One-on-One With Josh Holliday

Oklahoma State won 41 games and advanced to the NCAA Louisville Regional final in Josh Holliday's first season as head coach of the Cowboys baseball team. The former OSU standout who returned to his alma mater in 2012 is expecting even bigger and better things from the Cowboys this season, which begins Feb. 14. Holliday sat down with earlier this week to talk about a number of topics.

What's it been like for you since you returned as head coach?
Holliday: It's been awesome. It's hard to believe that it's been almost a year and a half since we've been back. I guess it just goes to show you that when you're loving what you do and loving the people you're doing it with, that time flies when you're having fun. We've got a great staff, and they've got great wives and great families. For us, as coaches and families, we've really enjoyed all of our families coming together to share baseball. When it comes to your players and your program, obviously that's really what drives you, giving the players an experience that they can look back on and really cherish. That's important.

Giving our program and our fans the effort they deserve and the energy that Oklahoma State baseball deserves to put us back where we envision ourselves, which is a top-five program in the country. Our history says that's who we are, we've been to the College World Series I believe the fourth most in the history of college baseball, our staff sees ourselves that way. So we're working together hard to do all the little things necessary to become great again. What a better way to start than what last year's group of kids did for us because they played awfully good and they restored many of the images that we think are important. They were resilient, they were united, they battled all the way through. In many ways they did a great job of getting us back up and running, at least in our staff's eyes.

We've built a lot of relationships, which was obviously one of the first things we needed to do, whether it was with potential players, whether it was with folks in the community, whether it was with past players that are getting back involved, or the fan base … it's been fun.

What's been the biggest challenge? Or maybe the biggest thing you didn't envision when you returned to your alma mater?
Holliday: I don't know if there's a biggest challenge but I think maybe our own expectations, our desire to get to that level. Our patience level with how quickly we can make this what we want it to be … because of the quality of our coaching staff and the willingness of our players to jump in, I don't think we've had major obstacles.

You sometime hear people talk about the facility but I don't see it that way at all. We have a beautiful field, and everything we've asked for and needed to do in the short term to take care of our players and kind of clean up around here a little bit, coach Holder and the school have supported us and done it. We've had great cooperation and we've had great support. I think the university on game days in the fall are great recruiting opportunities because an awesome environment has been built here.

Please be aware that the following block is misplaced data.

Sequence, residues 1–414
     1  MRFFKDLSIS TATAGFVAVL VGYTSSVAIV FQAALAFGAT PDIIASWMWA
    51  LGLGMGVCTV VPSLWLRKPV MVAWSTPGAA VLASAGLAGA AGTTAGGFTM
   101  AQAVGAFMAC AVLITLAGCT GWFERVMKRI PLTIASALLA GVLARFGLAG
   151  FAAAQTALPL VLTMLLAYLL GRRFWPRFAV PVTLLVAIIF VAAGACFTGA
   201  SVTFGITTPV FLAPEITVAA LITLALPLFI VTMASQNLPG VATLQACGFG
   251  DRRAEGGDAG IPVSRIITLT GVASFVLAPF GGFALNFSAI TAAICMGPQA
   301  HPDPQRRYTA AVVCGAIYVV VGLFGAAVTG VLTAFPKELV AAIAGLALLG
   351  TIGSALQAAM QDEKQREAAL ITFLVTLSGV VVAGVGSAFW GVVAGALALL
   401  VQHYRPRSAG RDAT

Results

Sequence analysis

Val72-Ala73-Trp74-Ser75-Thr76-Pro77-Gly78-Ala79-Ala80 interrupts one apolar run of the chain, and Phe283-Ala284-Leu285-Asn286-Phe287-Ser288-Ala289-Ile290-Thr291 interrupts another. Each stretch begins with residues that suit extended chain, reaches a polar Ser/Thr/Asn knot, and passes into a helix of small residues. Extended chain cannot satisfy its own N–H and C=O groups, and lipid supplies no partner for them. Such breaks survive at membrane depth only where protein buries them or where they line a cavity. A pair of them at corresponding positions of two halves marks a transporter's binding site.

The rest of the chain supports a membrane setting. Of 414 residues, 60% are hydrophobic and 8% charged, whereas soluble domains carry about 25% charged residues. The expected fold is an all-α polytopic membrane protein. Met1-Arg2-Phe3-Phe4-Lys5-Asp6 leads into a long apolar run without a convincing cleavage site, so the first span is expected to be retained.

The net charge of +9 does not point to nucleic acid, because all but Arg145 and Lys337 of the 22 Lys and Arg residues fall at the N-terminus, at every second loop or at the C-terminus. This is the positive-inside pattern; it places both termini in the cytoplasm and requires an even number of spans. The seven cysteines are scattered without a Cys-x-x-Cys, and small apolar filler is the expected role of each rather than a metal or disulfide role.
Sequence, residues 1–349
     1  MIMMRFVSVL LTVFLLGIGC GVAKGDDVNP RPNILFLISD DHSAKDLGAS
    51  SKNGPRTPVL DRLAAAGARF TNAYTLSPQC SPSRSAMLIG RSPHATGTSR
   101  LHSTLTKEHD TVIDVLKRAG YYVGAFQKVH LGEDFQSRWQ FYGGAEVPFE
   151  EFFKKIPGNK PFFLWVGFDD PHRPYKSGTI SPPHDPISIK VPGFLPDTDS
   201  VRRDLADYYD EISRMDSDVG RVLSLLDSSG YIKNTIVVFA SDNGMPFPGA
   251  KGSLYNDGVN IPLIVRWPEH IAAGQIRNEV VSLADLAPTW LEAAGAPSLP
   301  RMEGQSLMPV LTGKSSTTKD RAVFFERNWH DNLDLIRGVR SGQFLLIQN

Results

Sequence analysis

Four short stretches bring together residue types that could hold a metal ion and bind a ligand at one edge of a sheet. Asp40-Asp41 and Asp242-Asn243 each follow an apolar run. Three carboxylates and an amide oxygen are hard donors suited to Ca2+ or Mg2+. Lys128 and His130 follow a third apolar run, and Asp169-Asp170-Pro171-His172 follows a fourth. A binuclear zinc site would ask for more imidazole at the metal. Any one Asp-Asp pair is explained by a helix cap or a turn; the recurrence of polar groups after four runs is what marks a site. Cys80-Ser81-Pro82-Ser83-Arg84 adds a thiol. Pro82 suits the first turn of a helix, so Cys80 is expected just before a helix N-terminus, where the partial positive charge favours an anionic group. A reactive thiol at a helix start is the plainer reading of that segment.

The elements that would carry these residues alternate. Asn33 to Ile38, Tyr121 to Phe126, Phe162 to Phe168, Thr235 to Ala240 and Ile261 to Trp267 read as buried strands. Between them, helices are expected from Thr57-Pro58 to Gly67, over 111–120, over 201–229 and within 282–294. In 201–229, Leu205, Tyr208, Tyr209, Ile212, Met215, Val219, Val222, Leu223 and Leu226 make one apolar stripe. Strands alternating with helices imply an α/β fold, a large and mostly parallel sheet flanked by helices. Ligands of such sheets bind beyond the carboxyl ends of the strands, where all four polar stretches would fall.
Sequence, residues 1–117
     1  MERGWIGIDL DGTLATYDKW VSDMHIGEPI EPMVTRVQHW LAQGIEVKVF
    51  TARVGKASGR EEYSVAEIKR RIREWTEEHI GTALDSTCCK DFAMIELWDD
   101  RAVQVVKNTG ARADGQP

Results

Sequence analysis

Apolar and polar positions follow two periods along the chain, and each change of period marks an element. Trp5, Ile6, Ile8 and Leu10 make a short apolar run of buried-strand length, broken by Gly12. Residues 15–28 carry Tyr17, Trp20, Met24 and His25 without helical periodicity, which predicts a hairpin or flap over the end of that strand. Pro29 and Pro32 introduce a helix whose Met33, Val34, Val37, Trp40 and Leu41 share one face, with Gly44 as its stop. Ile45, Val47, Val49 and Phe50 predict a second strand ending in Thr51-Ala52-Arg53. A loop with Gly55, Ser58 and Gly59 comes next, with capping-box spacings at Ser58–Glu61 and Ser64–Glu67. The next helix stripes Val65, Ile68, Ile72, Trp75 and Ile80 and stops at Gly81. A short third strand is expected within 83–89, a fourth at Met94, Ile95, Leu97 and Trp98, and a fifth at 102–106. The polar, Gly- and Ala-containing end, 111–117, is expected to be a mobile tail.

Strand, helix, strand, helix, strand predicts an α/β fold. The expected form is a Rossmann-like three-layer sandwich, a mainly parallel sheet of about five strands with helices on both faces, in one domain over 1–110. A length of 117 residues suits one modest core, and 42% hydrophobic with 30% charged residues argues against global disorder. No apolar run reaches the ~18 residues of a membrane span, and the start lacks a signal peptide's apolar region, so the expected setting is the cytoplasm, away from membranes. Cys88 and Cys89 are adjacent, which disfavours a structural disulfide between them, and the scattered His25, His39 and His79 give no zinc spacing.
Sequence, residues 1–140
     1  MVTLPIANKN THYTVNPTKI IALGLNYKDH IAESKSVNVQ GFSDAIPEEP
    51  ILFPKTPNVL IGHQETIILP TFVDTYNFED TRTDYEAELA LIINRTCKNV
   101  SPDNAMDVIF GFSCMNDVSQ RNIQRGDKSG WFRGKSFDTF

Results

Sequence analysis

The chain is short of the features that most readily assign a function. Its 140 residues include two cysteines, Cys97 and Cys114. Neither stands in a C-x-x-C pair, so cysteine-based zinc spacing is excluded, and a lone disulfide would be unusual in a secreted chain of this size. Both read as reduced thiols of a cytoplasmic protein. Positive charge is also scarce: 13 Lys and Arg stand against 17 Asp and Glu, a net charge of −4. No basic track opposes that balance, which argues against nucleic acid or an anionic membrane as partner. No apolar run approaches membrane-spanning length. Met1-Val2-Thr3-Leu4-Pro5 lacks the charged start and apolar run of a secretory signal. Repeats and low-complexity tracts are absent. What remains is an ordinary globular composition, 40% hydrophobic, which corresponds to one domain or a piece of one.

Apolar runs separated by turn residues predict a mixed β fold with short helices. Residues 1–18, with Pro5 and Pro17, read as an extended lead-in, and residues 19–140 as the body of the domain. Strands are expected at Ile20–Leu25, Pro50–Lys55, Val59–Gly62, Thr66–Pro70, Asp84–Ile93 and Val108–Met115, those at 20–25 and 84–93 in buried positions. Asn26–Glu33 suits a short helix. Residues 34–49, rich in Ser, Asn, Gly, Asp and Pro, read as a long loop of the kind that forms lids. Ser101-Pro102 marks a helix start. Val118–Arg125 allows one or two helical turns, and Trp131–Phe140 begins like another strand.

Like anything, there's great competition for the very best players, and we are going after what we think are the very best players so you do run into obstacles in recruiting. I don't think we think of or see ourselves in any way as challenged, other than to get great a little faster. Coach Holder has taken care of our coaches and to keep them happy because they are very talented and sought after by people outside of Oklahoma State. I think that continuity in keeping them together and building our talent-best inside the program through quality recruiting has really been important. We're on our own clock, and we're in a hurry to get great. Sometimes you need to remember that takes time, and if it was easy to push a button, everyone would do it.

I guess I haven't felt up against anything or challenged from the standpoint that we're desperately behind. There are obviously always things that can help what you're doing, and we're working with coach Holder to devise a new stadium plan and the idea of building it. But in the meantime we're happy with what we have. We're hoping this year we can build on some of the great crowds we had last year. I think that's the one area that really, really showed. When we were able to get our fans out here during the year when the weather turned around and we had some 2,500 to 3,000 (crowds), it was amazing what it did for the kids. They were just so turned on by the crowd, that was such a huge part of our success.

What's the latest on a new baseball stadium?
Holliday: We worked to create a really beautiful design that we can use to go out and fund raise, and share with our people that might want to help us make that reality. It's been an investment on coach Holder's end and the department to spend the time with the people who have the talents to design.

I am 100 percent confident that they are going to put us in position to be successful. Coach Holder and the University has stepped up for every sport here. Just looking across the street yesterday while walking around, I caught a glimpse of the new Greenwood (Tennis) Center, the Smith (Indoor Practice Facility) and Boone Pickens Stadium all in one motion, and what an amazing view that whole thing is.

We know that the commitment to every sport is there, and we're going to do our part to keep building the team. Some day to have something like that would be fantastic but in the meantime, as we tell every kid that walks in here, playing on a winning team and being a part of something special is not co-dependent on having a brand new stadium. It can be built and done right here with what we have, and we believe that.

The short-term goals with this year's team is making sure we get back that unbelievable experience and then the long-term goals of building a sustainable team where those trips to Omaha (to play in the College World Series) are year in and year out we can create.

Speaking of Omaha, it's been a while since OSU has been back to play in a College World Series.